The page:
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Modelling of liquid droplet dynamics in a high DC magnetic field

Modelling of liquid droplet dynamics in a high DC magnetic field

Easter, Stuart (2012) Modelling of liquid droplet dynamics in a high DC magnetic field. PhD thesis, University of Greenwich.

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The oscillating droplet technique is an experimental technique that is used to measure the surface tension and viscous damping coefficients of a liquid droplet. This technique has been the subject of much analysis; theoretical, numerical, and experimental with a number of different external forces used to confine the droplet. These external forces are found to modify the oscillation frequency and damping rates, which need to be quantified in order for the measurement technique to be used. The dynamics of the droplet are three-dimensional but previous numerical work has largely focused on axisymmetric cases. This work uses numerical techniques to extend the previous analysis to include the full three-dimensional effects.

In this work a three-dimensional numerical model is designed, developed and applied to study the dynamics of a liquid droplet both in free space and with a high DC magnetic field used to balance gravitational forces. The numerical model is a grid point formulation of the pseudo-spectral collocation method discretised in a spherical coordinate system with the implicit Euler method used to advance the solution in time. A coordinate transformation method is used to ensure the direct surface tracking required for modelling the surface shape oscillations.

The study covers the laminar fluid flow regime within a droplet exhibiting translational and surface shape oscillations providing a greater understanding of the physical behaviour of the droplet along with a qualitative and quantitative comparison with theoretical results. Initially a droplet oscillating in free space is considered, with a range of surface oscillation modes used to demonstrate the three-dimensional dynamics. Then the influence of electromagnetic forces on a diamagnetic droplet is studied, this includes the field from a solenoid magnet used to levitate a diamagnetic droplet. Finally the dynamics of an electrically conducting droplet in an external static magnetic field are modelled. In each case a number of methods are used to analyse the surface displacement in order to determine the surface tension and viscous damping coefficients.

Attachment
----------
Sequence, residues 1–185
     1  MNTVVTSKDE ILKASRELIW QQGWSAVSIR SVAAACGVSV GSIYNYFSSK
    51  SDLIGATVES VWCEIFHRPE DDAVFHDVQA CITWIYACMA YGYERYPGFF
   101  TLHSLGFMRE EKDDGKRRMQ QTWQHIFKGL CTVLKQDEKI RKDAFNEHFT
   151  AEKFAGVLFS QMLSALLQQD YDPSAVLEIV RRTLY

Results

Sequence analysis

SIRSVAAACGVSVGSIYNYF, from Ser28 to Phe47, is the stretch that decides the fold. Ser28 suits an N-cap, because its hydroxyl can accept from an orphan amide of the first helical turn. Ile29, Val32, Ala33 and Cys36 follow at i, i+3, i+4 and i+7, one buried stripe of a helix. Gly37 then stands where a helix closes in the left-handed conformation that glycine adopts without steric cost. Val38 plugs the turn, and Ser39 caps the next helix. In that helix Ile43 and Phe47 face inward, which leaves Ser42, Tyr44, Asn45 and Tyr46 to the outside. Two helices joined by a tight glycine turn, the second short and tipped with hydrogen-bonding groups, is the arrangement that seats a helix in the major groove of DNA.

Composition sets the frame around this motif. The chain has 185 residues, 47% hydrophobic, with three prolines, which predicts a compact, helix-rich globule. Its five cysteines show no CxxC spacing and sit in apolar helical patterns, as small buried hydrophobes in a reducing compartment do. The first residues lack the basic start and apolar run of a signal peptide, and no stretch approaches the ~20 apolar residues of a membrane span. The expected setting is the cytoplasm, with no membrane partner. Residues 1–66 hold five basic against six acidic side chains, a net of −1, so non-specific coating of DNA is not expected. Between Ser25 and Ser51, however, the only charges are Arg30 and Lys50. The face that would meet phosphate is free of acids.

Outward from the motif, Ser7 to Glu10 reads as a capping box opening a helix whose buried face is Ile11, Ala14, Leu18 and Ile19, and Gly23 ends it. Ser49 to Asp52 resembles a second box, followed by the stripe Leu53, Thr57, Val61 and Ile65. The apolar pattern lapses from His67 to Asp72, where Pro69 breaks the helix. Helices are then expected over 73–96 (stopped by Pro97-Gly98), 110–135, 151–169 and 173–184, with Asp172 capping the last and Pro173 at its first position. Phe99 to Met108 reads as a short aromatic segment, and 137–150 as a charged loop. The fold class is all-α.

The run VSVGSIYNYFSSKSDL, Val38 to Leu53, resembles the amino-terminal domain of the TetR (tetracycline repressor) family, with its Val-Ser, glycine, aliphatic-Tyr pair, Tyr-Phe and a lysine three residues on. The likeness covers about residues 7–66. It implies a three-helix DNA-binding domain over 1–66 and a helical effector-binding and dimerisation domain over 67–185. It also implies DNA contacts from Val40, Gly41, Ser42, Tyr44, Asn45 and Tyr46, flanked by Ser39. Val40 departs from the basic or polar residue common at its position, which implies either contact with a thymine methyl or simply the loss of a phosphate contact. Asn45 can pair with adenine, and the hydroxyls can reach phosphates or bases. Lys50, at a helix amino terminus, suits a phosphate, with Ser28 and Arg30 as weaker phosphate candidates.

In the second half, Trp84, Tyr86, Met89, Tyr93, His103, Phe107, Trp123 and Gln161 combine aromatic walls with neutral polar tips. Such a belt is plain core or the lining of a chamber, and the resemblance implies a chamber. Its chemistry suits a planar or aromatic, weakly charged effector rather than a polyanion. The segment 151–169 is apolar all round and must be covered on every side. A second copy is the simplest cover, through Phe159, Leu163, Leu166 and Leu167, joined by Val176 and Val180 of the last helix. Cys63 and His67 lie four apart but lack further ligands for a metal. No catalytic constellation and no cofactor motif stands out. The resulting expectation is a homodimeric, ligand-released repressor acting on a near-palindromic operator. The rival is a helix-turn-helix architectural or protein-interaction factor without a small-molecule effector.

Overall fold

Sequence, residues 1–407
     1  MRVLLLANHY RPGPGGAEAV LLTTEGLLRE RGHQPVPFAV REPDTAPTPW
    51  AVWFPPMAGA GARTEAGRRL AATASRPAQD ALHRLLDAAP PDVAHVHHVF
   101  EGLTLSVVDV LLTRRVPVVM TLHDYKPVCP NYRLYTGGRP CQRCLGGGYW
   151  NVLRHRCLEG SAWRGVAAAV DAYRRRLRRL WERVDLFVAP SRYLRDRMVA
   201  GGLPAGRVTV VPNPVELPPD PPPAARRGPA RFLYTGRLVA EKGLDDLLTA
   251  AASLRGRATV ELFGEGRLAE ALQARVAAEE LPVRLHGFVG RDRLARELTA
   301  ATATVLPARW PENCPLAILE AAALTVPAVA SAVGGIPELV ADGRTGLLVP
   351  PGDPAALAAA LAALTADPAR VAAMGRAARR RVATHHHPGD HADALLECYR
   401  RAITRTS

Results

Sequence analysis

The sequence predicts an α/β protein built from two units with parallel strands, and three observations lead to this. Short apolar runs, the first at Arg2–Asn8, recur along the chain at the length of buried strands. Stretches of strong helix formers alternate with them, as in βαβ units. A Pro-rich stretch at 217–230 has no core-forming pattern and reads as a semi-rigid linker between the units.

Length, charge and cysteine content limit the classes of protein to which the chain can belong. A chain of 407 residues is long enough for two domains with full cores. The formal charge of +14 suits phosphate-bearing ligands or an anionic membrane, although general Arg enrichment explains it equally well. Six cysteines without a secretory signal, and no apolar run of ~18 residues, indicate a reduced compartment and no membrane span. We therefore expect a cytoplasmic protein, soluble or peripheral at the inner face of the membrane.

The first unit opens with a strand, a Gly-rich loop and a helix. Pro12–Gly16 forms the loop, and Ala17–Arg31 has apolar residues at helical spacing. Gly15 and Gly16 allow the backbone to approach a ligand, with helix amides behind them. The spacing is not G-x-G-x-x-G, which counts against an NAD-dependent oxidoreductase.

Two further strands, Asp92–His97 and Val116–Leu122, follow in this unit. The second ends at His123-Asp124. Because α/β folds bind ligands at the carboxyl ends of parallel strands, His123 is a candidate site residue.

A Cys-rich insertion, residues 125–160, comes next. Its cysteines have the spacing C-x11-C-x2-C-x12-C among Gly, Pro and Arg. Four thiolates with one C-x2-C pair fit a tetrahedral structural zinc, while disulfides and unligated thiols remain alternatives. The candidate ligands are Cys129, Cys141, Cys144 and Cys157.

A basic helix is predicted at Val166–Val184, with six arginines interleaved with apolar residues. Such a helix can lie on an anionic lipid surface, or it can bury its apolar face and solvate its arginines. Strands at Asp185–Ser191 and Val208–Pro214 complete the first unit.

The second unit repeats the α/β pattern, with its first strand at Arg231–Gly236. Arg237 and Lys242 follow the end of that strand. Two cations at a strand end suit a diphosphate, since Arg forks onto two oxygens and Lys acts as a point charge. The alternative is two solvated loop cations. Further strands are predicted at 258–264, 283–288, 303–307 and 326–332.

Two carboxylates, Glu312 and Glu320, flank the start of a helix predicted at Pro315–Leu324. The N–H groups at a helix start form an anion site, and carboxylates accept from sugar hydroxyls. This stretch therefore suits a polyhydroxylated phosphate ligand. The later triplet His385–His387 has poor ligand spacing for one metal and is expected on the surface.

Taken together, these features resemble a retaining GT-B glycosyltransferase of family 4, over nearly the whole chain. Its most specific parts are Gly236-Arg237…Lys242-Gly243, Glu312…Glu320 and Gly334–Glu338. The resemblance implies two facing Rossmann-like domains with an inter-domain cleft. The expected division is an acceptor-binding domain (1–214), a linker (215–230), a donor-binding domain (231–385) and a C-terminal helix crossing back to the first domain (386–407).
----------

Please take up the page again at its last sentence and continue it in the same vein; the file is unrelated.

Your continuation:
The numerical study of a freely oscillating droplet shows good agreement with the low order theoretical results for droplets in the limit of low viscosity. The high accuracy of the surface tracking method allows the non-linear effects of mode coupling and frequency shift with amplitude to be observed. There is good agreement with the theoretical values available for inviscid axisymmetric oscillations and the numerical study provides the opportunity to determine these effects for three-dimensional viscous oscillations.

The magnetic field from a solenoid is used to study the levitation of a diamagnetic droplet and the oscillation frequencies of the droplet are compared with a theoretical model. The magnetic field is analysed and the accuracy of the field calculation used when determining the modification to the oscillation frequencies is considered with the use of a theoretical model. Analysis is made into the splitting of the frequency spectrum due to the magnetic field.

The theoretical model that is available for an electrically conducting droplet in a static magnetic field predicts different fluid flow within the droplet and oscillation frequency and damping rate changes. These changes are compared qualitatively and quantitatively with the numerical model results with good agreement.

Item Type: Thesis (PhD)
Additional Information:
Uncontrolled Keywords: numerical modelling, oscillating droplet technique, laminar fluid flow, electromagnetic forces,
Subjects: Q Science > QA Mathematics > QA76 Computer software
Q Science > QC Physics
Pre-2014 Departments: School of Computing & Mathematical Sciences
School of Computing & Mathematical Sciences > Centre for Numerical Modelling & Process Analysis
School of Computing & Mathematical Sciences > Department of Mathematical Sciences
Last Modified: 11 Nov 2016 15:12

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